War is ugly, dehumanizing, cruel, and destructive in more than one sense. We know that terrible things will happen during war, but there are some acts that are so horrible that society calls for justice and revenge. After World War II, the Allies decided to put as many of the surviving Nazi high command as they could capture on trial for their crimes against humanity. Decades later, international tribunals would seek to indict, try, and sentence war criminals from the former Yugoslavia, Rwanda, Liberia, Sierra Leone, and Sudan. The real story of international justice is incredibly complex and, at times, distinctly unjust. In Hiding in Plain Sight: The Pursuit of War Criminals from Nuremburg to the War on Terror, authors Eric Stover, Victor Peskin, and K. Alexa Koenig explain how the path of justice never runs smoothly.
Stover, Peskin, and Koenig begin in 1945, with the Nuremburg Tribunals. The magnitude of the crimes committed by the Nazis was to vast, so unthinkably evil, that the Allies had to cobble together the laws and mechanisms necessary to try people like Albert Speer, Hermann Göring, Julius Streicher, Joachim von Ribbentrop, and the rest. The Allies used previous treaties, like the Geneva Conventions, and other laws regarding the treatment of noncombatants and prisoners to create a new class of crimes: crimes against humanity. Twelve of the accused were sentenced to death. Other defendants were acquitted or given prison sentences. This part, at least, is not complicated. The complications cam shortly after. Instead of pursuing more war criminals—camp guards, bureaucrats, SS troops, soldiers—the Americans stopped taking such a hard line against former Nazis. Instead, they started to whitewash the past crimes of some criminals, including the notorious Klaus Barbie, to use the skills and knowledge of Nazi personnel in what would become known as the Cold War.
As Stover, Peskin, and Koenig turn their attention to war crimes in later decades, this theme keeps resurrecting itself. After atrocities, there is an outcry for justice on behalf of victims and survivors. Indictments and arrest warrants might actually be issued. But realpolitik keeps getting the way. In the former Yugoslavia, there were worries that arresting people like Ratko Mladić or Radovan Karadžić would destabilize the fragile peace between Bosnians and Serbs or that arresting them would cause reprisals. In Rwanda, the International Tribunal had to agree not to pursue Tutsis who committed reprisals for the Hutu-led Rwandan Genocide in order to gain custody of Hutu war criminals. Currently, the International Criminal Court is unable to pursue its indictment of Omar al-Bashir for crimes committed in Darfur, because al-Bashir is the sitting president of Sudan. It seems that the stars must align perfectly for criminals to even be brought to trial.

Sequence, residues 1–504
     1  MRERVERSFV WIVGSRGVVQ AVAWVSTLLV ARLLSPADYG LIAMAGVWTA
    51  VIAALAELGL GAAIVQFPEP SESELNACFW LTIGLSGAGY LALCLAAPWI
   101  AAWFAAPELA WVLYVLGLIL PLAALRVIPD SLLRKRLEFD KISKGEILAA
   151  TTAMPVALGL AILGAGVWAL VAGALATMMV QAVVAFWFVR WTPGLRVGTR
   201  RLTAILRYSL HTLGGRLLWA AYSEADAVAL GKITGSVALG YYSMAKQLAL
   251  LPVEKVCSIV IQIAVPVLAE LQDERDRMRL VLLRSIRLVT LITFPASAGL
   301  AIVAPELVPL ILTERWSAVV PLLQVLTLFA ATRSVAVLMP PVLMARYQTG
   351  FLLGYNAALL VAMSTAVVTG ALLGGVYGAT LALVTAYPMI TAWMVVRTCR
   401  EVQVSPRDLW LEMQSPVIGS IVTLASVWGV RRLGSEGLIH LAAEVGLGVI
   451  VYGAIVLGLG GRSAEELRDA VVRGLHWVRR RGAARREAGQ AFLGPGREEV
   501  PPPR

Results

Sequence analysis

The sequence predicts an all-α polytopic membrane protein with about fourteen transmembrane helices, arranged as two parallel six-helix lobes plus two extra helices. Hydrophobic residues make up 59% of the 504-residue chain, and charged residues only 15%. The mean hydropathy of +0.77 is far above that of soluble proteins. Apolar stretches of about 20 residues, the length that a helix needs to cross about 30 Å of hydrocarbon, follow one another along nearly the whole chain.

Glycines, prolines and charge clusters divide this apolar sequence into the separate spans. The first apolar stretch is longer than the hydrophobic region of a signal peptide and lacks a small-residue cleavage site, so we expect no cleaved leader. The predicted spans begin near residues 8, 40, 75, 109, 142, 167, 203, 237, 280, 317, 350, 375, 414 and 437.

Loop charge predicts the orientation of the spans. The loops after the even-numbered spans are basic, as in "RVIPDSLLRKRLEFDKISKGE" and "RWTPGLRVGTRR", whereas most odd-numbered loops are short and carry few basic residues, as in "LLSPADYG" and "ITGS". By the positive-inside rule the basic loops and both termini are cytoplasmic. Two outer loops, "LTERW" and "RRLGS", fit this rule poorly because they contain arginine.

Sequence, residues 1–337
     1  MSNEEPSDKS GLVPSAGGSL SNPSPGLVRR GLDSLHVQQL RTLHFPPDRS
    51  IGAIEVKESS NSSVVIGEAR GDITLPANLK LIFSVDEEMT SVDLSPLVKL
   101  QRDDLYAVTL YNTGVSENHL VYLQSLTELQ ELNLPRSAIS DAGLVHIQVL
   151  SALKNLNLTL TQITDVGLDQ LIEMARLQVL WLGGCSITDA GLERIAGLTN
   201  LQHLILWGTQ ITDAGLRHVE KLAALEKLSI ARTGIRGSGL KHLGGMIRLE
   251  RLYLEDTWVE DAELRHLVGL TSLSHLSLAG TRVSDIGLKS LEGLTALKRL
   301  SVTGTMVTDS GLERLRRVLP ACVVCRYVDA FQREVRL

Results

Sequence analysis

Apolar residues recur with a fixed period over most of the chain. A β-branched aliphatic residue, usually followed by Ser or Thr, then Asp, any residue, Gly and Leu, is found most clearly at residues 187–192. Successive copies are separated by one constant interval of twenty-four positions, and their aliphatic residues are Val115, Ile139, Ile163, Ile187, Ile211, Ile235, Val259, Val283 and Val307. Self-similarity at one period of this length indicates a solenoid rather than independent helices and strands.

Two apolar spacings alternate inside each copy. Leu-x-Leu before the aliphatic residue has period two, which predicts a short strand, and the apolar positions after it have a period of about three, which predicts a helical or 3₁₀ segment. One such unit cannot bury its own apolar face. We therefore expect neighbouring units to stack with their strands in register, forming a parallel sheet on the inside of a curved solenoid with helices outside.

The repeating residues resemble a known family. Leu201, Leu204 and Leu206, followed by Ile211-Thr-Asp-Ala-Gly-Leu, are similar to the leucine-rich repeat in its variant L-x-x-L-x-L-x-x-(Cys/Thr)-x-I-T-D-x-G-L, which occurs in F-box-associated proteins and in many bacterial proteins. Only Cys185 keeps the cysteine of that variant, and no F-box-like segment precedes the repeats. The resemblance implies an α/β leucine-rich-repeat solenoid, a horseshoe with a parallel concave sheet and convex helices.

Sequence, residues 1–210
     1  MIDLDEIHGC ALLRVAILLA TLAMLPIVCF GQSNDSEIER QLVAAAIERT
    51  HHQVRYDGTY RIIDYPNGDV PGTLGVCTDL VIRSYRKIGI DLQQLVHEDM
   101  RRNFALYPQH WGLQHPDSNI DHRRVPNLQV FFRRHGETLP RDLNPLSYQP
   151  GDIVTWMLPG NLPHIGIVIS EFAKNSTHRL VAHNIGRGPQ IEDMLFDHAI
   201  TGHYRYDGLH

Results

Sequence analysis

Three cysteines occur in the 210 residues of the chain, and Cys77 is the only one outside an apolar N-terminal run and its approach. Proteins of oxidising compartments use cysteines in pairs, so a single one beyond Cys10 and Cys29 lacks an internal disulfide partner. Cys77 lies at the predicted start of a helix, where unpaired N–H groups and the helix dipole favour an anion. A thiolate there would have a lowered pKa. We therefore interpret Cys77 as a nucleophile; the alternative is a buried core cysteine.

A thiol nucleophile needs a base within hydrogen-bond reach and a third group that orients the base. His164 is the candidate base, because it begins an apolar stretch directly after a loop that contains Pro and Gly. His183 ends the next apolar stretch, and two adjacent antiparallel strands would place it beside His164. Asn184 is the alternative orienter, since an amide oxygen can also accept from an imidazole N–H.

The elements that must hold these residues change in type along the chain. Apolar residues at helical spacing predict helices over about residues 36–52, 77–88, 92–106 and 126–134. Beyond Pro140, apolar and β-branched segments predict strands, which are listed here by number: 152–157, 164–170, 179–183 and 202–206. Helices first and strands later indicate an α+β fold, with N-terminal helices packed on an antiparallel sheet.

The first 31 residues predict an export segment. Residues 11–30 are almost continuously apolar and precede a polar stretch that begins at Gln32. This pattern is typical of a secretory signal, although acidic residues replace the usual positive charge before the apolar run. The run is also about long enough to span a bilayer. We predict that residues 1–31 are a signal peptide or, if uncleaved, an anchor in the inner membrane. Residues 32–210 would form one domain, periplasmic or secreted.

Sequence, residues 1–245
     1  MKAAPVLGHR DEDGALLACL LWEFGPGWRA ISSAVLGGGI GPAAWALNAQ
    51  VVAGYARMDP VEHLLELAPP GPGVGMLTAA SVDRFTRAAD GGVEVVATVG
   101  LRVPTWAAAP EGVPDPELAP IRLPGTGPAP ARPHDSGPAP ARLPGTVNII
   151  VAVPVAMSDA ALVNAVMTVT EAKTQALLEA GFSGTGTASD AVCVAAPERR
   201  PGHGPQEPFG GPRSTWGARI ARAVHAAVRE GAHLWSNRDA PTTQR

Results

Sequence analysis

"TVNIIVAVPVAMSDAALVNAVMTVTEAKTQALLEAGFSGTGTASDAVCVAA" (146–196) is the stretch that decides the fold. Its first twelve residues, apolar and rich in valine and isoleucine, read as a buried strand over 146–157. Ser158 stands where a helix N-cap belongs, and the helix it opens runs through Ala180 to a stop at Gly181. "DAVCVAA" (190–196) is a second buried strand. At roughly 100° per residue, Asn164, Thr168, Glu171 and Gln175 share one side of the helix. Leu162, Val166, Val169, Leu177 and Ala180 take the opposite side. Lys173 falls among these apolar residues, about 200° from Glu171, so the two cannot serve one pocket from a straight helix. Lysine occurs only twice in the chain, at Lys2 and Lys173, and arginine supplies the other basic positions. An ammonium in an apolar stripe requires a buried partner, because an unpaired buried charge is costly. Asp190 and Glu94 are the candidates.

Hiding in Plain Sight is a chilling and infuriating book. It has to be because of its subject matter. The last third of the book was the most outrageous (in the sense that I was outraged) because it takes a hard look at the actions of the American government since September 11. There have always been critics who call international war crimes tribunals “victor’s justice,” even as far back as Nuremberg. After all, the Allies firebombed cities like Dresden and Tokyo, killing thousands of civilians. The Soviets massacred prisoners of war at Katyn. Yet none of the Allies were officially accused of war crimes. In the War on Terror, the CIA and US Army personnel tortured people, detained them indefinitely without due process, and killed civilians with drones. Stover, Peskin, and Koenig revealed that the US Government required the governments of other nations to sign treaties that indemnify US forces from legal action. I am appalled that my country, which led the battle for the Nuremburg Tribunals, has decided that it is above the laws it holds other nations to.
Hiding in Plain Sight is an important book for many reasons. First, it reminds of history that we have, for whatever reason, chosen to forget. Second, it shines a light on the hypocrisy and politicking that hampers the process of international justice. The prosecutors of the International Criminal Court have to be diplomats more than anything else, just to see warrants served and criminals brought to justice. Third, it asks us to consider the very notion of international justice. If we can agree that there are some acts that are truly crimes against humanity, why can we not agree that the people who commit them should face justice? Why do some countries consider themselves to be above these laws? Hiding in Plain Sight gives no answers, of course. Instead, it leaves us with unsettling but necessary questions.
I received a free copy of this book from Edelweiss for review consideration. It will be released 12 April 2016.